that we were talking about earlier in the day was, if you were to introduce,
for example, managed liberalisation of poker game playing, what would you allow
in relation to advertising there? You might take the approach of, 'We'll allow
it, but we won't allow advertising.' You might also take the approach of, 'What
we would do is we'd allow advertising that this is a registered, regulated site
so that people are encouraged to go there.' Even in that area, whether you
would allow advertising is one question and the nature of the advertising is
another. From my point of view you would want to look at the risks that you are
trying to deal with, relative to a game.
I agree with both these ideas. Educating consumers will be essential to increase
awareness of the dangers of overseas sites. It is also the case that gambling
is not without risk even in a well regulated environment and people need to be
aware of the potential risks and harms as well as the tools and resources to
assist them. In addition, restricting advertising not only for overseas but
domestic providers is necessary to avoid repeating the situation we now have
with the proliferation of sports betting advertising.
Would Australians prefer Australian-based sites?
The committee heard that many Australian gamblers are likely to prefer
using Australian-based websites and a safer domestic market (see discussion in
chapter three). The PC considered that while the evidence is not clear that
Australians, particularly young Australians, would choose to use a better
regulated Australian site over an overseas site, at least some would. It added
that education could play a part in steering people towards better regulated
Dr Gainsbury also indicated that evidence shows at least some people
would move to a domestic site but the sites would have to be competitive:
I would certainly say that it is a very competitive market
and liberalising and regulating some sites in Australia will not necessarily
reduce the number of offshore competitors. Evidence from other jurisdictions
that have liberalised and implemented their own sites suggests that they do
capture, in some cases, a minority. Sweden, for example, has only 30 per cent
of the poker market on its state-based site. So sites have to be competitive,
which is going to have implications for how much you can tax sites so they can
offer attractive rates to players and the various advertising rights that they
have. So certainly the regulatory model would have to ensure that any
liberalised and legalised site would be competitive in an international market.
Absolutely, if it is going to be a model where there is a liberalisation, there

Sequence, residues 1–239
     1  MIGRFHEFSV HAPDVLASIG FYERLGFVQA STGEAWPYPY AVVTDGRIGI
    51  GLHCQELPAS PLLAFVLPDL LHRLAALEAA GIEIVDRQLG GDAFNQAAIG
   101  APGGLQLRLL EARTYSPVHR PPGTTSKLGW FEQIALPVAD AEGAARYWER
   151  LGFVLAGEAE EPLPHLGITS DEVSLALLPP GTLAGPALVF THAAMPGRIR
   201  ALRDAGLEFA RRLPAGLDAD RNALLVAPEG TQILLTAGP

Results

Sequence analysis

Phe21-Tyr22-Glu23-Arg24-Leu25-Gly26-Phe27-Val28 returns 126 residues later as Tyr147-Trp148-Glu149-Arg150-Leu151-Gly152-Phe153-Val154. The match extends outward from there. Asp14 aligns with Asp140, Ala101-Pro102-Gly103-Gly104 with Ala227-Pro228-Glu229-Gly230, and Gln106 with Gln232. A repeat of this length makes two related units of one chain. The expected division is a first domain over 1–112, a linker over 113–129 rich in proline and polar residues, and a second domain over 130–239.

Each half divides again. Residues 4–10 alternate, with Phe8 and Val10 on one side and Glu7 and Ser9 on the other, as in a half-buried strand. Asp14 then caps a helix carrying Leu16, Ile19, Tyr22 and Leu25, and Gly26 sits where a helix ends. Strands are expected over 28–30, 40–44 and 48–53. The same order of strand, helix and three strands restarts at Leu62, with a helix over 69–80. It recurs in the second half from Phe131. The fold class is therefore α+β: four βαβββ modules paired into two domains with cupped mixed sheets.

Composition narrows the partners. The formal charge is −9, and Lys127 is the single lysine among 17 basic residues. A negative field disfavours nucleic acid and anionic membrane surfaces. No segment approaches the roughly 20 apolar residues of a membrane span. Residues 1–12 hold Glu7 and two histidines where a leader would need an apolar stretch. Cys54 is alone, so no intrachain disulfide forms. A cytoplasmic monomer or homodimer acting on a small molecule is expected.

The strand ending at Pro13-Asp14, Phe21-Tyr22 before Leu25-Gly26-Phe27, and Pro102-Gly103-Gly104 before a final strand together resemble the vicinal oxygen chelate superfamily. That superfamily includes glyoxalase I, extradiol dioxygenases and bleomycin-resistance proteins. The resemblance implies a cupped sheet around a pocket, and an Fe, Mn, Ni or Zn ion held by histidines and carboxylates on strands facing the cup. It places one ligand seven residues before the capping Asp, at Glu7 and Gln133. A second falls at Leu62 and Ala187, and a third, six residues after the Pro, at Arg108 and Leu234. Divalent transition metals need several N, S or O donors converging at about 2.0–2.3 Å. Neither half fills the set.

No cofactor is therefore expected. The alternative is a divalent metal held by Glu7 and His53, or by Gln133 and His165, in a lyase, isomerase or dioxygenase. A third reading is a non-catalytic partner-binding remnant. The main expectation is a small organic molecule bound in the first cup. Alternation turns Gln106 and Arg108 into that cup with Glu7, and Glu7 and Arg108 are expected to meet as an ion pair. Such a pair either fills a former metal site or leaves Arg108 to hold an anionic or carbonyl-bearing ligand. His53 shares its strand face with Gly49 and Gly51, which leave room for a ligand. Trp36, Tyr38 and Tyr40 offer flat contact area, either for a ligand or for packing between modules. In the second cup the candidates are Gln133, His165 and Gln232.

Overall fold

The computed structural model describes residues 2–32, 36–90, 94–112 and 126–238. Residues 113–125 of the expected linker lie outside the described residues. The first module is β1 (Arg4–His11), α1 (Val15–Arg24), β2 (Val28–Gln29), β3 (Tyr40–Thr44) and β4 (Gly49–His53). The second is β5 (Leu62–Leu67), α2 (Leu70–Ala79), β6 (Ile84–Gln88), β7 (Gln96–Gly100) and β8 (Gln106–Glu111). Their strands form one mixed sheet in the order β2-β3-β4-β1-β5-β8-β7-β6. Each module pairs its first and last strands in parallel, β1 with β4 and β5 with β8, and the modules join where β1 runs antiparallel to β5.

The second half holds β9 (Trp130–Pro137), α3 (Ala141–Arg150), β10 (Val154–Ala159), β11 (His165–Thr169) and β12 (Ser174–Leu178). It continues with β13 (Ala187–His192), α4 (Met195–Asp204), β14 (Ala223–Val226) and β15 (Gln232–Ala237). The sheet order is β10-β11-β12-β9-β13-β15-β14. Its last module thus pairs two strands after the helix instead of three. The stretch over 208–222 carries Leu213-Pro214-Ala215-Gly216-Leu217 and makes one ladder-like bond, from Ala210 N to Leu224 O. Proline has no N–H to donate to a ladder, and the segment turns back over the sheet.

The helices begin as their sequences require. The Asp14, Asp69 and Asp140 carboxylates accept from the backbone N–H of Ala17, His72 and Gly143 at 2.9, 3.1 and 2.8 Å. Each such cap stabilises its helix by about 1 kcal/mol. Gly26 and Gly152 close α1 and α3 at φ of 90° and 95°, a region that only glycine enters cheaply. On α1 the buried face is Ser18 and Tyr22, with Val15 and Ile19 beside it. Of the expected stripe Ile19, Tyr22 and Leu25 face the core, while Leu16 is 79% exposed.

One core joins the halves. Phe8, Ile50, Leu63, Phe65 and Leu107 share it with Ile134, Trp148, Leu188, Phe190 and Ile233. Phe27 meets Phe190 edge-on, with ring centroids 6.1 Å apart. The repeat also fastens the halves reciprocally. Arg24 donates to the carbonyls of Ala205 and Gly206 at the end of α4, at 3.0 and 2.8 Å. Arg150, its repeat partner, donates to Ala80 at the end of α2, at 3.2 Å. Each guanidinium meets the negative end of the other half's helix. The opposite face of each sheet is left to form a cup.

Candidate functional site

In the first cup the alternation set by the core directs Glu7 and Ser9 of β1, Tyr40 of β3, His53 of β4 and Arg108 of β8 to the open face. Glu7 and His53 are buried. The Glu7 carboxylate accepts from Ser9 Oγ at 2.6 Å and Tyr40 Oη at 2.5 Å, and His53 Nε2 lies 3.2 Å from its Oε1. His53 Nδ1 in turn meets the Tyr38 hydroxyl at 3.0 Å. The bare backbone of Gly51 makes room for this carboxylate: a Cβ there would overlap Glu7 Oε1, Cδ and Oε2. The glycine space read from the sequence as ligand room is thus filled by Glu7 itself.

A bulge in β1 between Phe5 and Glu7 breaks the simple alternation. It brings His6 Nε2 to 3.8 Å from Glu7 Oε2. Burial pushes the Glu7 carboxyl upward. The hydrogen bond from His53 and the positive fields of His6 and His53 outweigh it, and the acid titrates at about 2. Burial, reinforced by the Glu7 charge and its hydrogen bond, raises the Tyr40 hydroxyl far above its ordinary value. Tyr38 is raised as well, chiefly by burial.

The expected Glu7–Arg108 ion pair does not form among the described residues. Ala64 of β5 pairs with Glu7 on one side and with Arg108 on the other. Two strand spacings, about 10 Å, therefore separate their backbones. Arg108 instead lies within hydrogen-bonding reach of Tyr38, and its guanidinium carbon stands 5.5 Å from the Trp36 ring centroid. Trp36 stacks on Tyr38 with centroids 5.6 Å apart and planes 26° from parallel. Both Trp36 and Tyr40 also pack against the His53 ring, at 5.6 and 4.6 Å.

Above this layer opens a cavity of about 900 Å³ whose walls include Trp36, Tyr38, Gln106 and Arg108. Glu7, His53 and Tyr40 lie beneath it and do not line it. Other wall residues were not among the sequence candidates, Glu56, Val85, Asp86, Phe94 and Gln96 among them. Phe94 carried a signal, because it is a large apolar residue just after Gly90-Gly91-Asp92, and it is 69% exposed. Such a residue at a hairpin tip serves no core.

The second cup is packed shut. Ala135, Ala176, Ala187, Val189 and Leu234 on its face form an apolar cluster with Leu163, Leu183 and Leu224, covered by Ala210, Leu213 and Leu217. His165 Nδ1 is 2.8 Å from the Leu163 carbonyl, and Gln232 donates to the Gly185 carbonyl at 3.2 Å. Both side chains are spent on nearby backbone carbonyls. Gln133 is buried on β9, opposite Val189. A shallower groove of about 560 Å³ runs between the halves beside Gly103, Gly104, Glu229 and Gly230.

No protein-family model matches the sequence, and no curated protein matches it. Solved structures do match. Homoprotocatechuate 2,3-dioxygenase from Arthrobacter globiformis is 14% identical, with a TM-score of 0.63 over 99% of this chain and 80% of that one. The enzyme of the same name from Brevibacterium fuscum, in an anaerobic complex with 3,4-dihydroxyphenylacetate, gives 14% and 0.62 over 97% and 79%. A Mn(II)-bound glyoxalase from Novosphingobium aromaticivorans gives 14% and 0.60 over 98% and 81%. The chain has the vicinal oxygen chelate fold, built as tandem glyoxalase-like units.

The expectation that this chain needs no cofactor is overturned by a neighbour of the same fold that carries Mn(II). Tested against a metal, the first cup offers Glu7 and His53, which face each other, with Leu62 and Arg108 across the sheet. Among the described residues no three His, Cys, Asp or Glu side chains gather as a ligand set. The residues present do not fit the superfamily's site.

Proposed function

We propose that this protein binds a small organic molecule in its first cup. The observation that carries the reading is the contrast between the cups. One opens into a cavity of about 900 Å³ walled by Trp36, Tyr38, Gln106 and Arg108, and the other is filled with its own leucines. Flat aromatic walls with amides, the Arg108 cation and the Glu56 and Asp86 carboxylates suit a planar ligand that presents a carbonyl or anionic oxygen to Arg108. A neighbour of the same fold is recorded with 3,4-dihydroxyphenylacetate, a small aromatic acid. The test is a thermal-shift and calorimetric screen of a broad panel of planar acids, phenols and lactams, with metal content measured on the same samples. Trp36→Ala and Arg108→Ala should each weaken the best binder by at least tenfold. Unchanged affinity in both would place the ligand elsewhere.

will have to be efforts to reduce the attractiveness of competitor sites. That
might be by restricting advertising or providing incentives for sites. So there
would have to be a dual approach to protect the licensees.
What about overseas sites?
As long as unregulated overseas sites are available and present an
attractive alternative, individuals will still be able to gamble in a manner
that could cause significant harm. I favour a hybrid approach where, following
the recommendations of the PC, we liberalise the Australian online poker
market, appropriately regulate it and put in place safeguards. However, in
addition, we implement measures to encourage people to use these well regulated
This dual approach was supported by Professor Blaszczynski:
I would support your perspective on that...What we are
attempting to do here, basically, is firstly to recognise that internet
gambling is currently available to the Australian community. Regulating sites
will assist in preventing, but clearly not eliminating, all the problems.
Making it difficult for Australians to gamble on unregulated sites is, I think,
one of the key initiatives that I would strongly support.
The PC thought the approach had merit:
If you believe there is any scope at all for addressing overseas
sites then you can do that in a hybrid model as well. The question is the
capacity to do that. There are ways around internet filtering but, of course,
if it is present and there are available domestic sites then incentives to get
around it are reduced.
However, Dr Lattimore of the PC cautioned the committee about an issue
to be aware of:
However, perhaps one of the bigger problems is that if there
were an overseas site that offered identical services to an Australian site and
you barred it because of its overseas location then you would probably be in
breach of WTO rules.
...Antigua took the US to court on the basis that they were
offering a form of gambling that was also offered in the United States. There
were two hearings in relation to that matter and Antigua won.
...The key issue would be whether it was legitimate to have a
standard harm minimisation. If there were the potential for you to say that an
overseas site did not meet those harm minimisation guidelines then it might not
breach the WTO rules. But in this instance it did, so it would have to be a
consideration in blocking overseas sites.
I favour using payment controls to encourage individuals to use domestic
sites and steer away from unregulated overseas providers. I realise this is not
a perfect solution. The most determined individuals would work on circumventing
such controls. But they would provide a barrier for most people most of the
time, helping to protect them particularly from impulsive gambling episodes. Even
for those who find a way around such a mechanism it would mean they are making